How Do I Change Transmission Fluid in a Chevy Silverado 1500?

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It almost goes without saying that checking and changing your vehicle’s fluids regularly is essential for keeping it running its best. And when it comes to your Chevy truck, there are a few fluids you should keep an eye on for preventative maintenance. Oil tops the list, of course, but so does transmission fluid, which you might not be as familiar with. If your truck is has an automatic transmission, it’s a good idea to change out its fluid every 50,000 miles. If you have a manual transmission truck, which requires gear oil instead of transmission fluid, speak with your mechanic to learn more.

Automatic transmission fluid acts as both a lubricant and hydraulic fluid. It allows the gears of your transmission to be able to shift properly because it operates the truck’s valve body, which is a component that makes the gears actually shift. It also keeps all of the moving parts lubricated and helps cool the transmission. If you’re considering changing your Chevy Silverado 1500’s transmission fluid, you can follow several simple steps to complete the job safely. 

Start by Checking the Transmission Fluid

As automakers continue to modernize vehicles, many cars these days don’t have transmission fluid dipsticks. However, Chevy Silverado 1500 models still have transmission fluid dipsticks that you can check to get a reasonable idea of what the fluid levels are. In order to judge whether it’s time to change your transmission fluid, particularly if you haven’t driven 50,000 miles since the last change, it’s important to look at the level first.

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To get started, be sure you check the transmission fluid level when the engine is warm and idling. Make sure no other fans are running before you check the fluid, too. On the Silverado, the transmission fluid dipstick is located near the very back of the engine when you’re looking under the hood. Look towards the center-back area for the pull-tab of the dipstick; there may be a small clip you need to press to release the dipstick.

Pull the dipstick out from the long tube it sits in, wipe it off on a rag or paper towel, reinsert the dipstick and pull it out again. Be sure to hold it level, not upright, to prevent the fluid from running toward the handle and giving you an inaccurate reading. Look at the markings on the dipstick to determine what your transmission fluid levels are.

If your levels are low or the dipstick appears to be dry, you should add fluid immediately. However, remember that this is not the same as changing the transmission fluid — this is simply adding fluid so that you don’t damage your transmission. Changing the fluid out means you’re going to empty the fluid pan and completely replace the liquid.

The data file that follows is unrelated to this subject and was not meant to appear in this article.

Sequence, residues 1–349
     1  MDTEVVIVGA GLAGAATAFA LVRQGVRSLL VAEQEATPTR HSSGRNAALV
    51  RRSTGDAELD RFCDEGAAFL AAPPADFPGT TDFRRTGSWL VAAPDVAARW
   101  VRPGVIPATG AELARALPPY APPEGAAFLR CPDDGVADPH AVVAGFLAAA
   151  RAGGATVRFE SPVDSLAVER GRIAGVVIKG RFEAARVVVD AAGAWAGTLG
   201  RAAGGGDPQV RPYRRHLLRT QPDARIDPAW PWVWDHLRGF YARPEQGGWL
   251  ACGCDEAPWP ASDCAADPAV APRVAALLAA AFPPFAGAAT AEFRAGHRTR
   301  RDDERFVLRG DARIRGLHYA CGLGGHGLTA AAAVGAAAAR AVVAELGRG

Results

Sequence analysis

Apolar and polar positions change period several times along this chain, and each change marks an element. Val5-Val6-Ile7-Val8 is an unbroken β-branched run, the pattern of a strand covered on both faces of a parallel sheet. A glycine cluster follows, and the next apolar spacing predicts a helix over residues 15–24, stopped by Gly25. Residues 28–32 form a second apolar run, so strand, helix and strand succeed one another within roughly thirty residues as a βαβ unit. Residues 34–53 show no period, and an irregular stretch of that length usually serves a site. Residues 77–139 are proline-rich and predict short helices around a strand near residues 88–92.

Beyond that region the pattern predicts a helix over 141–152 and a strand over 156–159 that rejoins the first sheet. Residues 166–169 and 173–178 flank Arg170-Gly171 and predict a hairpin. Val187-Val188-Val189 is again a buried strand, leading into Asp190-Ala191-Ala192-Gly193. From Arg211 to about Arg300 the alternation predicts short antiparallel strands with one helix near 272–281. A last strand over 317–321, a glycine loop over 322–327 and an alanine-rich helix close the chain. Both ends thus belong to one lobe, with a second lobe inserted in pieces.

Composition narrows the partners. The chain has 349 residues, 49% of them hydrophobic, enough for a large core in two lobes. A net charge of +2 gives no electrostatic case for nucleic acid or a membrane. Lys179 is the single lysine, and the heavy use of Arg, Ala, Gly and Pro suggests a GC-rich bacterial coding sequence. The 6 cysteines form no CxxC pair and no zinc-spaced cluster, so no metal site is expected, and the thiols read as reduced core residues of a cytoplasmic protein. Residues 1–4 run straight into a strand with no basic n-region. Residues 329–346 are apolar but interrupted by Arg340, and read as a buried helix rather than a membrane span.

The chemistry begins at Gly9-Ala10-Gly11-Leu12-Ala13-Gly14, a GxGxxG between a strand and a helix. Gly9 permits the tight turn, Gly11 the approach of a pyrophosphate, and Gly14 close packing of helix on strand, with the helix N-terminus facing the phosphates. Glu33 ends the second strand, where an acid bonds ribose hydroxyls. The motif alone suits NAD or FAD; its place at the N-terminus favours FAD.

Gather the Right Tools to Change the Fluid

In order to change the fluid on your Silverado, you’ll need a few things to ensure that the process goes smoothly. It’s easier to perform this type of work if you’re able to put your truck up on a lift, but that’s not a necessity. If you can’t put the truck on a lift, you’ll need to park it on a surface that allows you to roll or crawl under the vehicle easily. Be extremely careful when you’re underneath the truck, and always be sure to have the parking brake engaged.

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To perform a transmission fluid change, you’ll need a socket wrench, a crescent wrench, a drain pan, a socket set, a degreasing agent, 10 ounces of transmission fluid, a transmission filter and a transmission pan gasket. Keep a few clean rags on hand to wipe up any drips. Consult your Silverado owner manual to learn the type of transmission fluid your truck’s exact model and year takes. Do not use any type of transmission fluid; you’ll need the correct type.

Follow These Steps to Change the Transmission Fluid

To change the fluid, give the truck some time to cool off if you’ve been running it. Then, locate the transmission and its pan underneath the truck, both of which are behind the motor. If there’s a drain plug in the drain pan, you can drain the pan before you unbolt it. Loosen the plug with a crescent wrench, and catch the liquid with a separate pan. Allow all liquid to drain, and then unbolt the pan.

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If there is no plug, loosen and unbolt a few of the bolts that connect the drain pan to the transmission. This opens the seal slowly and prevents all the liquid from rushing out at once, which can happen if you remove all the bolts at the same time. Slowly loosen the bolts all the way, remove the drain pan and drain the fluid into a pan.

Place the fluid into a separate container, and clean out the drain pan with engine degreaser. Remove the old filter and install the new filter to the transmission with the socket wrench. Place the gasket on the transmission/drain pan and reattach the pan to the transmission, making sure all bolts are securely fastened.

Once you’ve replaced all the parts underneath the truck and changed the filter, you can add the new transmission fluid where you initially checked it under the hood. Near the transmission fluid dipstick should be a red cap. This is the well where you can add the new transmission fluid. Add about 5 ounces of fluid. Start the truck and run through all of the gears, slowly. Put the truck back into park, and recheck the transmission fluid level. If it still appears low, add the remaining 5 ounces to fill the well.